I am deeply interested in EU law, so I am going to take four courses related to this field of law:
- External Relations Law of the European Union
- Contemporary Issues in the Law of European Integration
- Competition Law
- E.U. Trade Law

Does anyone have any comments concerning these subjects?


</blockquote>

Comp law is a lot of work, from what I hear !
quote
If you want an easy and enjoyable life, here is the lo-down:

(i) Do International Criminal Law - the funniest module on the programme. Although, lecturer is slightly harsh on marking

(ii) Banking and Finance - least amount of work BUT maximum results;

(iii) Do one of the many EU law subjects (but not Competition law) as they are all open book, so an easy life. Especially the course on international private law

(iv) Law of Armed conflict - exams predictable as anything

(v) If you have any more questions ask away
If you want an easy and enjoyable life, here is the lo-down:

(i) Do International Criminal Law - the funniest module on the programme. Although, lecturer is slightly harsh on marking

(ii) Banking and Finance - least amount of work BUT maximum results;

(iii) Do one of the many EU law subjects (but not Competition law) as they are all open book, so an easy life. Especially the course on international private law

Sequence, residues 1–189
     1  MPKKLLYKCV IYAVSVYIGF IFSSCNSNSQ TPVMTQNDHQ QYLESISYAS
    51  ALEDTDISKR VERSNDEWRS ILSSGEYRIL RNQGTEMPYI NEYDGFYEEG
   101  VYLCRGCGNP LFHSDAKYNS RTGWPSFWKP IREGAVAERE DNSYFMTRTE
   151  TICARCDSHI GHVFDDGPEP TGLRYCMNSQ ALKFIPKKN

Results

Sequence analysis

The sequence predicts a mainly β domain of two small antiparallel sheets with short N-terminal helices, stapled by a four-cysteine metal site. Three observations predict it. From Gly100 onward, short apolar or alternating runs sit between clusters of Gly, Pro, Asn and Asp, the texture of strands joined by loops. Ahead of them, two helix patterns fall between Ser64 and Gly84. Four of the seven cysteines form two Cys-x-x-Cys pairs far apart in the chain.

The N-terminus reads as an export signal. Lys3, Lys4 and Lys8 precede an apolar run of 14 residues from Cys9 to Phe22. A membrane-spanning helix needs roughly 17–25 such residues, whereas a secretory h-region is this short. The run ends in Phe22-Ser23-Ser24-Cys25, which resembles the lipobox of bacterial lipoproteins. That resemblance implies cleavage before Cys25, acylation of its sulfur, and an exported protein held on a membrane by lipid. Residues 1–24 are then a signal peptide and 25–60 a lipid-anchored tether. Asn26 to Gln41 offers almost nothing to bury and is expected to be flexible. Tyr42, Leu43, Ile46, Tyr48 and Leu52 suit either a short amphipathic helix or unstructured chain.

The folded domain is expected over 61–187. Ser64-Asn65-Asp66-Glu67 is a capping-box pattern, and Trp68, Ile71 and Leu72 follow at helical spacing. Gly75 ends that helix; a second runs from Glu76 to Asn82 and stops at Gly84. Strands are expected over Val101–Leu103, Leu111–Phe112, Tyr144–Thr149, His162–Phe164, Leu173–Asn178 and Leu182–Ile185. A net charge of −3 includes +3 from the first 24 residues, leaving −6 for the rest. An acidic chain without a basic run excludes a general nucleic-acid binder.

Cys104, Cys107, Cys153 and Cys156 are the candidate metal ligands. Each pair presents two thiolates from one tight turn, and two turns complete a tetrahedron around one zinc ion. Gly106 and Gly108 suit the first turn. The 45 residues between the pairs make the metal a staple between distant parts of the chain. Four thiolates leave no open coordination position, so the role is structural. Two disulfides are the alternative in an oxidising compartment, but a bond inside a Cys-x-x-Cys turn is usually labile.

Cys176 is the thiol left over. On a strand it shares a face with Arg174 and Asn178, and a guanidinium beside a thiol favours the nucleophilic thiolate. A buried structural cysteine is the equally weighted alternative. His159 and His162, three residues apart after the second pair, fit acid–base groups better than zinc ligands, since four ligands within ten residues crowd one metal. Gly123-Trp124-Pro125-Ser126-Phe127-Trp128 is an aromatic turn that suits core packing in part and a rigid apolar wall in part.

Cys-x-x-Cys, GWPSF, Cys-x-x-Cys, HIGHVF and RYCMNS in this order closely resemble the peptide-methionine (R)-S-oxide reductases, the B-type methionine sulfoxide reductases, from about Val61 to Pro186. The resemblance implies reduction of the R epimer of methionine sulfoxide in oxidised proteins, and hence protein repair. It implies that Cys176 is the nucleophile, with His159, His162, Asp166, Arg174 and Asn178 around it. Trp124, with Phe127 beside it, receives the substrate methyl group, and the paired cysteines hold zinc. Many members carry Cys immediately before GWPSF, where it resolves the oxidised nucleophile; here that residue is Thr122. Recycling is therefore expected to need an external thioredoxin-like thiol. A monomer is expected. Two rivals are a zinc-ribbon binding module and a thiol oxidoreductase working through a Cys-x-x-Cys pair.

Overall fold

(iv) Law of Armed conflict - exams predictable as anything

(v) If you have any more questions ask away
quote
indiana
hi..this is a deviation from the topic of discussion..but just needed little info from all of you. According to my self service page.. while I was recently accepted by a college...queens actually (anyone else admitted?)..my conditions of offer still lists college membership as a pending condition...

is there a time lag between the home page stating you are accepted in a college and the conditions page getting updated...I was planning to send across docs for the other conditions of my offer..but the cover sheet also contains college membership requirement...I have not received any official communication from my college yet..Am i supposed to provide written proof/ other docs in this regard to the university or the does the university and college communicate amongst themselves the info...